Greater Sullivan County Commission on Wellness

With the support of a $40,000 grant from the New Hampshire Charitable Foundation, Communities United has teamed up with the Sullivan County Commissioners and the Regional Public Health Network for a nine-month effort to work together to create a healthier Sullivan County.

The Commission on Wellness is assembled to develop a county-wide collaborative system that continually improves the health and socio-economic climate of the community.  This group met three times between January and June 2012 to establish priority areas, goals, and a plan-of-action to create a healthier community.  The goal is to utilize current collaborative systems and community strengths to collectively tackle priority areas.

To learn more view the Commission on Wellness Overview or contact Chris Hultquist.



Feb 2012

The health and wellness of our community is the focus of the new Sullivan County Commission on Wellness. The commission, a group led by the Commissioners of Sullivan County, assembled on January 31, 2012 to develop a countywide collaborative system that continually improves the health and socio-economic climate of the community.  The 40 attendees from various non-profit, business, government, enforcement, faith, and education backgrounds reviewed the strengths and obstacles within the county regarding the health and wellness of the community.  The Commission will now use this data to develop priority areas from which to work.  With a goal of sustainability, the priorities will be steps toward wellness which piggy-back on the collaborative systems already in play throughout the county.  Our many assets include: outdoor recreation, our park system, a dental initiative, sidewalk initiatives, school vegetable gardens and farmers markets which show that we have the opportunity to become a vibrant, healthy community.  Over the past few years, Sullivan County has developed a progressive county jail system, has lowered the drug and alcohol abuse among teens, and has approved a new recreation center in Claremont.  As a small county with easy access to the enforcement, governmental, educational and employment sectors we are poised to turn the tide to see a restored Sullivan County.

Click HERE to view the information gathered at the first Commission meeting, and click HERE for the Executive Committee 1 agenda.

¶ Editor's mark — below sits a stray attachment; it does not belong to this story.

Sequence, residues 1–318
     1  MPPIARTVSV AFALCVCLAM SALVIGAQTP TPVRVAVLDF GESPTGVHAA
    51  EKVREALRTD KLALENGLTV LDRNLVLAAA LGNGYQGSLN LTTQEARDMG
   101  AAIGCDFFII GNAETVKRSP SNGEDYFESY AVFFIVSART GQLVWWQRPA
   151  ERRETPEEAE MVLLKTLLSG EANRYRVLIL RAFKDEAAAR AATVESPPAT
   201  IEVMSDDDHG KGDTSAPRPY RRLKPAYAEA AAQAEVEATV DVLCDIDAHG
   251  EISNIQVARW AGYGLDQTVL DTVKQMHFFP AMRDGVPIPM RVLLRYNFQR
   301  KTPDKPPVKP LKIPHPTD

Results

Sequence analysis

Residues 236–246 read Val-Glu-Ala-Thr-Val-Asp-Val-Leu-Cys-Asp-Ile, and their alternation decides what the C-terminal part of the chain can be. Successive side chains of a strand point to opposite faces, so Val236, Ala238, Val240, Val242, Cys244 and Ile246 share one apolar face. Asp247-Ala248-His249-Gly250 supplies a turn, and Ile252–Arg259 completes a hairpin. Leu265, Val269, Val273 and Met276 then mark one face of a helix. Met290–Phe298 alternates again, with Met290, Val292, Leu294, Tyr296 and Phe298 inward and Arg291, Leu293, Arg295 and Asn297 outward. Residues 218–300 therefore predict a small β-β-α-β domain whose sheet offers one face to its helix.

April 2012

Commission Name Change

Through an effort to combine and collaborate services with the region’s Public Health Network, the name of the Sullivan County Commission on Wellness has changed to the Greater Sullivan County Commission on Wellness.  As the Department of Health and Human Services has requested the Public Health Network and the Prevention Networks begin the process to align fiscally, and many common factors exist between the work of the two entities, we saw it equitable to expand the scope of the Commission on Wellness to include the towns of Wilmot, New London, Newbury, and Sutton. The outcomes of the Commission will impact both entities and serve as a resource for further focus and work.


Priority areas

The Commission was built upon two assumptions, 1) The region has larger obstacles to wellness that organizations/entities cannot tackle alone and, 2) Organizations/entities within the region desire to tackle and overcome these larger obstacles but are currently unable to do so.  Therefore a group was formed, based upon the Communities that Care model of fostering community collaboration to formulate a Community Action Plan, to simply be a catalyst for collaboration.

The members of the Commission have developed a “priority list” based upon the compiled components of a healthy community to be a starting point from which to strengthen the collaborative process.  The priority list includes focusing on decreasing drug and alcohol abuse, unhealthy sexual activity, obesity, gaining adequate and affordable access to mental health, physical health, and substance abuse care, increasing employment, transportation, and affordable housing.  The Commission exposed an array of contributing factors to each of these priority areas, and subsequently identified local factors, asking “Why here and now”, for each contributing factor.  As the strategic planning process developed a clearer community profile from the components of a healthy community, the next step will be to examine the collaborative process and take a look at how we can all work together to tackle these bigger issues which we could not tackle individually.

To view the “Priority List” developed by the Commission click HERE.



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